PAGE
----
Little Brick House Moving Along, Slowly But Surely

By STUART HAMMER | shammer@tristatehomepage.com

Published 08/24 2016 10:42PM

Updated 08/24 2016 10:42PM

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Books of Indiana's history were barely born when the bricks were built.

An old house in Newburgh is still standing after nearly 200 years. But the hope is it will stand for another 200 – just in a different part of town.

Newburgh is moving closer to picking up this piece of history currently planted on West Jennings Street, not far from downtown. They aim to ship the house a mile down Water Street.

It's big plans for a little house and it's going to take patience and a lot of money. But those behind the plans say it's worth the effort.

“It's important to preserve [history] for today and for the people who live in Newburgh in the future,” says Ken Oliver, a Newburgh neighbor helping to lead the charge to move the little brick house.

Jim Renne is another local historian behind the effort. He says the house will soon turn a page in its own history book.

“It's such a worthy project, everyone loves it, we have a great spot for it, a great use for it,” he says.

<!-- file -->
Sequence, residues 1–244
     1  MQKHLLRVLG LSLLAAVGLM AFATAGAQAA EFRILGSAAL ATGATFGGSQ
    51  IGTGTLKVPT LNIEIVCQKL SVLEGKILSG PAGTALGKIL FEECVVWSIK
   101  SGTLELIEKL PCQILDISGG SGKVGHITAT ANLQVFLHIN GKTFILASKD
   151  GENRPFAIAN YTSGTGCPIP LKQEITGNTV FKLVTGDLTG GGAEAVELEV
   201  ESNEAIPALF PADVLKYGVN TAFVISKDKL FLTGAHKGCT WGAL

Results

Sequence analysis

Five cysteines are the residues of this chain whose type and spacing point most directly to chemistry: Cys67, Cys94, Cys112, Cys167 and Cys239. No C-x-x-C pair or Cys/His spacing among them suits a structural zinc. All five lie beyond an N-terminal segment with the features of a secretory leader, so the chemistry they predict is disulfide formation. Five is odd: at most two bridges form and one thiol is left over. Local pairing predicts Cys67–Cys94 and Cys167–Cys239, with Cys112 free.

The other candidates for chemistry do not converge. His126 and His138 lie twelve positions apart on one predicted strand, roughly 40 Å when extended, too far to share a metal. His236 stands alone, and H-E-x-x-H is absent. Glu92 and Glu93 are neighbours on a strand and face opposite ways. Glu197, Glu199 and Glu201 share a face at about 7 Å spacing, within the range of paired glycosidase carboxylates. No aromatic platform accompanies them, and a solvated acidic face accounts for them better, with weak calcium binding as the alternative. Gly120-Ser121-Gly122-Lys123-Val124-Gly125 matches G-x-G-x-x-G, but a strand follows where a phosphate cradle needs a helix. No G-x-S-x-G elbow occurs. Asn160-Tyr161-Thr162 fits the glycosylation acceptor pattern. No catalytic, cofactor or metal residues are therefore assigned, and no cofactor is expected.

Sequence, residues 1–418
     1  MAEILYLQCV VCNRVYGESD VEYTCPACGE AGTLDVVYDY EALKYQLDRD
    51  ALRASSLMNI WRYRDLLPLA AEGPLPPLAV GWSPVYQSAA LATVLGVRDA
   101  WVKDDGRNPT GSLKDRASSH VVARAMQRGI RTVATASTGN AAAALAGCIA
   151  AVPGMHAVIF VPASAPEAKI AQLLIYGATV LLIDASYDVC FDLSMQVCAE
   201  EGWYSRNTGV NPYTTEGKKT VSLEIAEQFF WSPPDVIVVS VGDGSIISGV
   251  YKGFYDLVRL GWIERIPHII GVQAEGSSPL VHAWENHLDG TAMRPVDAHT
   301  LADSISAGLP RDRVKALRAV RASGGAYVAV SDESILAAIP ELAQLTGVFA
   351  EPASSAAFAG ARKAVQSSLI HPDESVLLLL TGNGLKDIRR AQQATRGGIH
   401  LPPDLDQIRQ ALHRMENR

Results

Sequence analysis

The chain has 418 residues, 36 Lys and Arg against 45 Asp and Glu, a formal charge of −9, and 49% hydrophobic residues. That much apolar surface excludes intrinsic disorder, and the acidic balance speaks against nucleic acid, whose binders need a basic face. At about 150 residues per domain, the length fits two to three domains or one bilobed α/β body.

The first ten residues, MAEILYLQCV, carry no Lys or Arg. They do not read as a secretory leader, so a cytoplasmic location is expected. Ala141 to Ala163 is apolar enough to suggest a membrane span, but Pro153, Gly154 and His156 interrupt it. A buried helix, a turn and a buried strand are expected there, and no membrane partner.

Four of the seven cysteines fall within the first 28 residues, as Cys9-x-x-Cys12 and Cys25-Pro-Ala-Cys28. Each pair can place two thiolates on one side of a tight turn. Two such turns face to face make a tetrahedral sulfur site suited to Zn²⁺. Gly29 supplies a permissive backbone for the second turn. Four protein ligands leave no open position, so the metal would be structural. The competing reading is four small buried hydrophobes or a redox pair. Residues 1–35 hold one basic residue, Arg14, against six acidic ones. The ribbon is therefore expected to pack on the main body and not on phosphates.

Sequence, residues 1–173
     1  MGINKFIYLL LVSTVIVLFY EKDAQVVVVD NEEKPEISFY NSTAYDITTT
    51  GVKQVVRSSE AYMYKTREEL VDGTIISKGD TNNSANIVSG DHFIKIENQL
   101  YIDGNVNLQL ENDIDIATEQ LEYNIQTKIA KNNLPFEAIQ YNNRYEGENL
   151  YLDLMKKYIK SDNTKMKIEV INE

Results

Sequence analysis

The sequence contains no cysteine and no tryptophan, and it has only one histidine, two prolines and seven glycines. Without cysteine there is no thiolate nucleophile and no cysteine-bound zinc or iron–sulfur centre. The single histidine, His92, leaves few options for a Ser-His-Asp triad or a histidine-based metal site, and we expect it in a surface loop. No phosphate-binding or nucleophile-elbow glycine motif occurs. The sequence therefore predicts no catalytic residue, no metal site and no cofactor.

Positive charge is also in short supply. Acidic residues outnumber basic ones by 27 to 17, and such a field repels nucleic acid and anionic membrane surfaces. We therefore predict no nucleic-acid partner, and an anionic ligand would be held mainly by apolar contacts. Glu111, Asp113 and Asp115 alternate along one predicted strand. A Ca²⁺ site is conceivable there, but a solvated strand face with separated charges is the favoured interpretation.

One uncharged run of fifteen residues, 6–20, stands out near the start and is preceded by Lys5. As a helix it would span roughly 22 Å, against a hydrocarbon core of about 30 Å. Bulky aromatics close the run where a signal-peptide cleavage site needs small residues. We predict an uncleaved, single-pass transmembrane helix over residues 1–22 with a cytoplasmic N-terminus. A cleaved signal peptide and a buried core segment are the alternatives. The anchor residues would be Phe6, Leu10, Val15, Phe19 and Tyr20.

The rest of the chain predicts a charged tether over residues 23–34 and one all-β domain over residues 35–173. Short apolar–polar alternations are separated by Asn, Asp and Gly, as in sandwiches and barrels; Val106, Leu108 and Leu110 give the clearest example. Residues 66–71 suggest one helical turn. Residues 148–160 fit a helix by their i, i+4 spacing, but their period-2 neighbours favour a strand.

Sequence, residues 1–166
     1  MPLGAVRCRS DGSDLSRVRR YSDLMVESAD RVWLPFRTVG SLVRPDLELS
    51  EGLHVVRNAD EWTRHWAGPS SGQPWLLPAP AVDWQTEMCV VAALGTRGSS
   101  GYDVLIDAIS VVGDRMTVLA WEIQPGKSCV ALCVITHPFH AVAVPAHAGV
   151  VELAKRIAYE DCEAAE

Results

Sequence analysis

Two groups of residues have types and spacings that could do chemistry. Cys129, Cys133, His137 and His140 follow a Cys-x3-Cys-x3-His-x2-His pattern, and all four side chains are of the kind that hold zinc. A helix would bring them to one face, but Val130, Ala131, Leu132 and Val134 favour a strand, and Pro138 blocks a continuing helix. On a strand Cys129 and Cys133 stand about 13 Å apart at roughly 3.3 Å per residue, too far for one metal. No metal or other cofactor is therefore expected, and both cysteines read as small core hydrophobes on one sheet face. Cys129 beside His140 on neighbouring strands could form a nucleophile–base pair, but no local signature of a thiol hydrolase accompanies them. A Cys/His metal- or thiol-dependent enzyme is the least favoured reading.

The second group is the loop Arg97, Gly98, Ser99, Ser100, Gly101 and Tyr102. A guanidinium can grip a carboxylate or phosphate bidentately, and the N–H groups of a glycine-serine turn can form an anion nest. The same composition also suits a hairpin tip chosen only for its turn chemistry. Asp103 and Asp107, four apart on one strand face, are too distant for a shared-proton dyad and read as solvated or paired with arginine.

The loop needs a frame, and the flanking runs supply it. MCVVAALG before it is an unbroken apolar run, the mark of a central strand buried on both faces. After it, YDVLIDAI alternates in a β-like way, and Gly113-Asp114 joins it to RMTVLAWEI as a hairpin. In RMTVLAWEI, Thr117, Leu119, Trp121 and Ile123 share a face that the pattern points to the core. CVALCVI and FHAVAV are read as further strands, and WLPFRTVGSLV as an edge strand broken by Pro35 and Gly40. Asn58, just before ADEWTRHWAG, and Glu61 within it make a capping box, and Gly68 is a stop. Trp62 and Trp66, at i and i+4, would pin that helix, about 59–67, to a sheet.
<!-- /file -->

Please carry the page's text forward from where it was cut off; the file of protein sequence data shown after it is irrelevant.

Plans include jacking the house up on hydraulics and wheeling it to the Old Lock and Dam. The challenge for project leaders isn't so much the logistics itself – but funding it.

They need $60,000 to make it happen. The anticipate half of it will come from a state grant, but the other half will need to be from private donations or corporate sponsors.

To help seal the funding deal, plans for an amphitheater are being kicked around Town Council. Officials hope the two projects together will lock down the cash.

The hope is by next spring the little brick house will have its new home, and a new use as a potential concession stand or ticket booth to the amphitheater.

“With projects like this you want to get them done. I think the earlier we get this done the more it's going to help the amphitheater project,” Renne adds.

What will the history books say another 200 years from now? Thanks for the memories? “How charming, this is great little river town,” Renne wonders. “How far back does it go?”

And Newburgh of the future will tell them, 400 years.

So how about 200 more?

“It will be enjoyed by the people in the future,” Oliver says, “even if they are running around in spaceships!”

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